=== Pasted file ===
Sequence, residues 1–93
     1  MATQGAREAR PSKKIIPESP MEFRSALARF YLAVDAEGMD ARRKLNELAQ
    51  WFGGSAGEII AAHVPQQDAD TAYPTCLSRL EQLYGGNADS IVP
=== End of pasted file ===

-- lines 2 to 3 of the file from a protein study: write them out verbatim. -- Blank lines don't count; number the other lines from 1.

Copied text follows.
     1  MATQGAREAR PSKKIIPESP MEFRSALARF YLAVDAEGMD ARRKLNELAQ
    51  WFGGSAGEII AAHVPQQDAD TAYPTCLSRL EQLYGGNADS IVP